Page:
Part of the reason I'd become so anxious was because I was focusing on all the things I don't have that other people do, and this was exacerbated by social media, no doubt.  Now, each morning I try and remind myself of how lucky I am and if you're fortunate enough to be reading this on your phone, computer or iPad then chances are, you're lucky too.  Most of us were random lucky sperm - that's it.  It has been important for me to recognize that I could just as easily be a pigeon right now - waddling around the outskirts of bumblefuck Chicago pecking at vomit on the ground - but, I'm not and THANK GOD, LITERALLY. My boss recommended that I start making lists of all the things I'm grateful for, and in turn, I've became less distressed about what I don't have - like children, a hummingbird feeder, blue eyes, dignity or a tree house.

3. Do what you love
"So many of us choose our path out of fear disguised as practicality."  Jim Carrey said this during his commencement speech; a speech that practically changed my life.  I was approached by a producer in LA and given the opportunity to write a pilot based on Toe Pick a couple years ago.  As time went on I grew intimidated by the process which stifled me.  I let my need for acceptance and subsequent fear of rejection make me invisible.  So, I quit.  It was the opportunity of a lifetime and I let my fear take it away from me.  I'm pretty sure this will haunt me until the day I expire.

The other morning I did something I hadn't done in months: I flossed woke up and just started writing.  It made me feel awake and content.  Indulging in something that you love to do is like getting happy-drunk without the liver damage, rosacea and debilitating hangover.

4.  Practice mindfulness  
"There is a huge difference between a dog that is going to eat you in your mind and an actual dog that is going to eat you."  Jim Carrey also said this in his speech and good God, it resonated with me.  I've been spending a big part of my life worrying about the unknown. Now, when I have an unsettling thought I try to rewire my brain so I can acknowledge it and accept it as separate from who I am.  This makes me feel more in control because it forces me to remember that I am not my thoughts and IF YOU'RE READING THIS DR. REYNOLDS, PLEASE FEEL FREE TO CORRECT ME IF I'M NOT FULLY GRASPING THIS CONCEPT DURING OUR NEXT SESSION ON THURSDAY AT 6PM, I PROMISE I WON'T BE LATE THIS TIME.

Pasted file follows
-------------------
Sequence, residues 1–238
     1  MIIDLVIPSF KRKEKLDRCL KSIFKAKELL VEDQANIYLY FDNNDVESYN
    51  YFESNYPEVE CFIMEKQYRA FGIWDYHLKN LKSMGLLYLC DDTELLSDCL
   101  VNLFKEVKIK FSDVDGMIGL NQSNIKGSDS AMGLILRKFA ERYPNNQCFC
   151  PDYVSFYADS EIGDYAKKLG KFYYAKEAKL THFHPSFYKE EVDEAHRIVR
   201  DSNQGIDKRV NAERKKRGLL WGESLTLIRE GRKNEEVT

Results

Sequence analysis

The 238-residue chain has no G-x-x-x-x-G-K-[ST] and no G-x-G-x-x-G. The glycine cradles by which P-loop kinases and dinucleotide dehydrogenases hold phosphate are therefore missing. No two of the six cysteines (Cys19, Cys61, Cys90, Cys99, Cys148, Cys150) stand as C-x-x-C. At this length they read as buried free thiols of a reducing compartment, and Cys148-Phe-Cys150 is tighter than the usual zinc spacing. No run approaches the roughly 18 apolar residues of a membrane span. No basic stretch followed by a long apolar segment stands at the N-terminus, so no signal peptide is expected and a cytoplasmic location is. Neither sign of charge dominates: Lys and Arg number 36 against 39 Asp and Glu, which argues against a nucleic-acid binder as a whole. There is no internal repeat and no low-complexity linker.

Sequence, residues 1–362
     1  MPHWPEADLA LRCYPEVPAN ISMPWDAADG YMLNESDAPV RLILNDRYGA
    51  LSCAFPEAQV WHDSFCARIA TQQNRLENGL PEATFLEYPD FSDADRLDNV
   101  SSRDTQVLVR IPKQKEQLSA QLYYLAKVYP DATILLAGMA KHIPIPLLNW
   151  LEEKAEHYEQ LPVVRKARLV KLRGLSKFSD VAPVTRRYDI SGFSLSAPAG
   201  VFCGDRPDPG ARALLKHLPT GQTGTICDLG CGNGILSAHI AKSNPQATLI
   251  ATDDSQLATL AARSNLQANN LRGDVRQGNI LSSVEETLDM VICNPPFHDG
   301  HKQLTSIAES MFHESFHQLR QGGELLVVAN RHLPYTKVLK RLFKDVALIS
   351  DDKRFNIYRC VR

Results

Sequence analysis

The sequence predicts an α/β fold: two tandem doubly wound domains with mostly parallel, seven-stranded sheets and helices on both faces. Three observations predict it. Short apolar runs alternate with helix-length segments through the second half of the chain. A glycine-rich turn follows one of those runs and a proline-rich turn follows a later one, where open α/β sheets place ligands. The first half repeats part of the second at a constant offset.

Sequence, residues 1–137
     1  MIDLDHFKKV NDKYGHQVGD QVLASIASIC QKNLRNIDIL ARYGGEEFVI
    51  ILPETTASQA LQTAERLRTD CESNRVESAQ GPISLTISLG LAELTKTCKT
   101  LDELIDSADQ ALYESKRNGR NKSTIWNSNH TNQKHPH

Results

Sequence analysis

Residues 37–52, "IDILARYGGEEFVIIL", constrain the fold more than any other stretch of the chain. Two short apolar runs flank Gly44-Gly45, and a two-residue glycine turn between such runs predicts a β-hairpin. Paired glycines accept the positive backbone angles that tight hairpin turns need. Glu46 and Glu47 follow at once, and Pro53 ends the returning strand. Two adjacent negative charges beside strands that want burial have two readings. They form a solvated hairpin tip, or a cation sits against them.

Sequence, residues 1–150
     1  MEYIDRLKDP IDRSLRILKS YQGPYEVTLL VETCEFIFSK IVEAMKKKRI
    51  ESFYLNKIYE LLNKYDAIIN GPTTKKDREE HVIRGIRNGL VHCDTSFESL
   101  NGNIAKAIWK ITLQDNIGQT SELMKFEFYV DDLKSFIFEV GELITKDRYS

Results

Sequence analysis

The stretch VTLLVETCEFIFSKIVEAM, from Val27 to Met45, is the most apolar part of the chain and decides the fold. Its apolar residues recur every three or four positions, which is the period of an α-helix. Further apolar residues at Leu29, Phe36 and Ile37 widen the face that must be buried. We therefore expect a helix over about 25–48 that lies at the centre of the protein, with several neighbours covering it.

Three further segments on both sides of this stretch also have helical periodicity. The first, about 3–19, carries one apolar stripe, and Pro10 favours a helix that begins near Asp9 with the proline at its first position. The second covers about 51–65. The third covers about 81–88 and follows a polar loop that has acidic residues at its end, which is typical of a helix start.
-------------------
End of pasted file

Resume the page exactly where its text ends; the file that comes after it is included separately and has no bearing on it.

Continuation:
5. What you put in your body has a direct effect on your brain.
I struggle with this one, even though I know how blatantly true and important it is.  Eating dick ranch flavored Bugles dipped in fried Nutella on the reg can make you feel weird, lethargic and on edge.  Opt to down a head of lettuce or a clove of beets or whatever instead.  And instead of imbibing a double long island iced tea, choke down some good ol' H2O. Alcohol is to anxiety what Ike is to Tina Turner.

6. Practice self-soothing
Oftentimes, I'd chastise myself when I started feeling anxious.  "Chillll, Alexandra.  You're freaking out over nothing, Jesus!"  Now, when I'm feeling anxious, I try and soothe myself by saying, "You're having these unsettling thoughts and it's okay.  You're fine.  Your Jheri curl isn't acting up today and you made a clever pun last week.  Also, you have a 401K plan now, so that's comforting. You're doing better than you think you are."  I am 1 of 40,000,000 people in the US who is suffering from anxiety - there's no reason to treat myself like a damaged, irrational freak and the same goes for you.

7.  Find a dog and pet it.  Also, try and avoid binge-watching crime shows at night. 
a.) If dogs were a drug they would be Xanax.  I'm heading to the ASPCA on sunday to hang with some mutts and I'm looking forward to the effect this will have on my overall state-of-mind.
b.) If a crime show was a drug it would be speed or meth. I have no doubt that the amount of hours I've accrued watching horrific documentaries and crime shows has contributed to my distress. As much as I love that shit, I also know that watching Care Bears is better for me because I'm fragile and ugh, I'm going to throw up now.

I am a work in progress.  We all are.  I do know that I want to continue on this path to Benihana self-realization and one day look back and bask in the progress I've made.  Lastly, I want to leave you with the line from Jim Carrey's speech that meant a great deal to me and I hope you'll find the beauty in it too:

"You will only really have 2 choices in life: love and fear.  Choose love, and don't ever let fear turn you against your playful heart."